2011. december 12., hétfő

Ek bring hulde aan u Swakopmund vlieëniers

2011. november 14., hétfő

Pilot job opportunity in Libreville, Gabon

There is a fabulous pilot job opening suited even for low timers in Gabon. The Wildlife Conservation Society is looking for a pilot. Here comes the job description and contacts where you can send your CV's:

They are looking to recruit a pilot for their Cessna 182 in Gabon.
Job basically is: managing the WCS plane (organising maintainence etc); undertake surviellence flights over the national parks and their boundaries (for example checking out logging road locations; mining; camps; plus coastal for trawler locations); wildlife surveys (whales, turtle nests, elephants in the savannahs etc).
Photo: Andreas Stoeckl, Airliners.net
They'd like a pilot with at least 400 hours; PPL ok; preferable with US FAA licence; experience with forest conditions.
Hopefully interviewing the week of the 28th Nov. Starting ASAP!
UPDATE: the job has been taken, do not send more CV's.

Good luck to you all!

2011. október 20., csütörtök

Lettre d'un ami

Just got this mail from my ol' friend who's back in Europe and it really cought the spirit of things and he agreed to publish it, here it is (merci mon ami!)
Hey ma Bru...
I read these are your last days enjoying a lekker coffee at the museum, chilling at the sea side in Swakop paradise!!

It is 5 months since i'm gone now and I still haven't recovered yet...

This wicked Namlife is once in a lifetime and my mind is still wondering if it was true or unreal...
Fly by some elephant, landing on a sand strip and overflying place nobody would ever go...

I'm haunted by the spirit of Africa as the land of the brave, the place where people are alive and stressfree. Tears come up when I think of the great people I have met and the times we had, carefree in a marvelous land...

But well... I'm out. You're going to be out. And I guess, life goes on and on!
See you again amigo, keep it real for me and tell all the new crews how wonderful life is when you've got to live the unbelievable!

2011. augusztus 26., péntek

Best Aviation Site Award

Out of nothing I just got an email saying that my site/blog was nominated for the Best Aviation Site Award and I've won. Because "you are continuing to help the "Aviation" community and that your site offers great content and provides a wonderful user experience…" Well, what do you know. So from now on you will see the logo on top of the right column.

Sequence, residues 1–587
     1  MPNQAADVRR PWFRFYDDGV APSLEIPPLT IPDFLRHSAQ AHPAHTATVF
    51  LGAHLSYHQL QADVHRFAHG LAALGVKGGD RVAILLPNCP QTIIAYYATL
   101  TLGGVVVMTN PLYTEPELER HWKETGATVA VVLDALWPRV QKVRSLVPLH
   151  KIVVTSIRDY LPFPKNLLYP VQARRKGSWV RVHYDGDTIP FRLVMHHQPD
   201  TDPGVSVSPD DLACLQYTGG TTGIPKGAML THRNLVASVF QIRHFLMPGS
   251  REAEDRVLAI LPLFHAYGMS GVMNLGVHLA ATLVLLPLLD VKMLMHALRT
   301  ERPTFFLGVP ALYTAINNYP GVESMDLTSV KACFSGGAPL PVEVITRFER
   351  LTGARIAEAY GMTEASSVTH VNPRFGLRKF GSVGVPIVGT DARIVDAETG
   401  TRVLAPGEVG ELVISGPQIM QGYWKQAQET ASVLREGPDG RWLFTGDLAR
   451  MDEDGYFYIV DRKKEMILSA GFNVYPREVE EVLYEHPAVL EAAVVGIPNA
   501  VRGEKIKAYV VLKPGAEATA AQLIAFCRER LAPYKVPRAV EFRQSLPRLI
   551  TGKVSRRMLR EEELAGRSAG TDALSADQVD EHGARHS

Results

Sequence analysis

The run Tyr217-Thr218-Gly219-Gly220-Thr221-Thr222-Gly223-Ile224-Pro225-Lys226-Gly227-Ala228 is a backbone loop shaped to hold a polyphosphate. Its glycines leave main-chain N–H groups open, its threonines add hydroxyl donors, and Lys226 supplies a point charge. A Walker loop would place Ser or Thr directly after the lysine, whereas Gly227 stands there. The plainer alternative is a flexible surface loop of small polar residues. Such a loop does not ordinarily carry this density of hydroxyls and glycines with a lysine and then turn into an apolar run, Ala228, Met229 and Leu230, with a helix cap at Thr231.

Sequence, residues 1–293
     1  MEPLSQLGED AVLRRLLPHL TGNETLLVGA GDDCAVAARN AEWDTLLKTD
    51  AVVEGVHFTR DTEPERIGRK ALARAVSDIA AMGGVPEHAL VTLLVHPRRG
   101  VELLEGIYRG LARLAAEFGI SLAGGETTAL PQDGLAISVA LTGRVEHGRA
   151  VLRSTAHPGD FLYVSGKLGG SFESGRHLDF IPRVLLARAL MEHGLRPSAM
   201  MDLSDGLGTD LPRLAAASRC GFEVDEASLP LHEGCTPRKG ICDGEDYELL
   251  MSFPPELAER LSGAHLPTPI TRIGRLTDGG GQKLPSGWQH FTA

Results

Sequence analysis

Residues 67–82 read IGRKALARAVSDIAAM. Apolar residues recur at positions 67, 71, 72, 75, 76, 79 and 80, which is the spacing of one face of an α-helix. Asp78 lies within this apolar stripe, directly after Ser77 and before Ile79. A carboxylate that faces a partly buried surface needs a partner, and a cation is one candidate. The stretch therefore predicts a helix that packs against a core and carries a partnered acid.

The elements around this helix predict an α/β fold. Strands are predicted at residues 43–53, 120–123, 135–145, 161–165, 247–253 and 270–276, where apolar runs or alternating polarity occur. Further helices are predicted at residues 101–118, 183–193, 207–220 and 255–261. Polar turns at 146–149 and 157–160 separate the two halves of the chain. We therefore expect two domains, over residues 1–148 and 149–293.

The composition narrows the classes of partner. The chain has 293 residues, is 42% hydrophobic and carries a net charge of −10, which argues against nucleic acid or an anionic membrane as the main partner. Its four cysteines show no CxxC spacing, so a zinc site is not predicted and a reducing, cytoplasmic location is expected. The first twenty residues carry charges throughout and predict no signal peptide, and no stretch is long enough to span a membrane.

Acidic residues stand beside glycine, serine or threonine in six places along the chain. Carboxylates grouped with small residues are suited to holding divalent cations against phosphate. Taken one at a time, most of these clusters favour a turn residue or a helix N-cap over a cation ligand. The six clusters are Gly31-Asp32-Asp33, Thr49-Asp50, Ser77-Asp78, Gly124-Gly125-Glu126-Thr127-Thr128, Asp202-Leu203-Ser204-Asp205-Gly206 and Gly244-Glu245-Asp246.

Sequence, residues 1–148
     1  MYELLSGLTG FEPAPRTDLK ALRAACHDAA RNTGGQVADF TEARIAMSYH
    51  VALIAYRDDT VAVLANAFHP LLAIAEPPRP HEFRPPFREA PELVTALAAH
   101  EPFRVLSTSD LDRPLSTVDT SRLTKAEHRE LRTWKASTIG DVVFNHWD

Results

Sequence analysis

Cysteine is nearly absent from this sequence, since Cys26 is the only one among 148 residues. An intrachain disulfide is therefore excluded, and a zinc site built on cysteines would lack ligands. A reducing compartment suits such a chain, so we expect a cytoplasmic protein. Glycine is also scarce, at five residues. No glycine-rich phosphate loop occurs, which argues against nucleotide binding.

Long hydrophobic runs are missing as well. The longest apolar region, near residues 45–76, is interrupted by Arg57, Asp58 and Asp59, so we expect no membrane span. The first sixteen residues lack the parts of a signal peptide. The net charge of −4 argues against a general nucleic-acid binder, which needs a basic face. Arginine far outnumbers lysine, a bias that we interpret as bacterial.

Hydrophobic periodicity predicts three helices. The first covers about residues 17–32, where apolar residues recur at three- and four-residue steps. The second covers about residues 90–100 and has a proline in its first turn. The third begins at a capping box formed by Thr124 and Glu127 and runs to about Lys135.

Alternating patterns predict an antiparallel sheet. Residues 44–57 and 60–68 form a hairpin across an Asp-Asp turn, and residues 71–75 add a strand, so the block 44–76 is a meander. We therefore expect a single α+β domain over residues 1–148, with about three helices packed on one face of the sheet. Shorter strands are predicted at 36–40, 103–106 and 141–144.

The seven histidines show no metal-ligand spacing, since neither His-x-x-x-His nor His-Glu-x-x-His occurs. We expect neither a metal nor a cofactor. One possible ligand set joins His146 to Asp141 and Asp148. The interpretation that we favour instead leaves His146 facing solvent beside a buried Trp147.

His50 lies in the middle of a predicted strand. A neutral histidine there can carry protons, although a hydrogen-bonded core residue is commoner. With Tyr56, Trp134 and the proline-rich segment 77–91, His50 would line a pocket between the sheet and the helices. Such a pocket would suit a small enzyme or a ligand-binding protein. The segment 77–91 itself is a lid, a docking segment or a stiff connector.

Thanks guys!

2011. augusztus 25., csütörtök

One thousand hours

09.08.2011, a landing at Solitaire strip (FYSO) marked the first big milestone. I got my 1000th hour. 
Frank of Delta Air in Maun, Jazz the new guy at Bush Bird
and Shady the gymnastics coach of the Namibian Olympics team
with a nice shishaa
Most of it flying in and out of the bush and over the dunes of the big Namib and the endless plains of the savanna. 
A year ago I just started flying here (and well just started flying at all), and the more I flew the more there was to learn. 
Himba boys
Rossing mountain in fog
Swakop river flowing
My man Theo cleaning da plane
Rain and bow over the dunes
Summer over the desert
FLY baby
Something is building 
Resting in the shade
Colors of Ugab
My Cuban wingman
Walvis saltworks with the Kuiseb flowing into the Atlantic
Henties Bay reflections
Underwater over the savanna
Green dunes
I still think that this is the best school for a fresh pilot. A couple of hundred hours flown over and into these remote areas will improve not just your flying skills (flying the lovely 210 to her limits safely), but your airmanship as well, and will definitely improve your situational awereness (crowded uncontrolled airspaces can get tricky), and lots more. Not to mention the feeling of belonging to the Brotherhood, where no matter where you come from, no matter what you did before, no matter how old you are  (I know, I know I've had a bit too much of The Right Stuff book). The only thing that matters is whether in the air you know your job and if you're willing to have some chatting after hours at one of the cultural institutions like the Skydivers at the airport or the Kückis or else. I got my biggest compliment when local lots-of-thousand-hours pilots said that they are unhappy because they know that I will soon leave Swakopmund. A compliment that one rarely gets from these old aviators.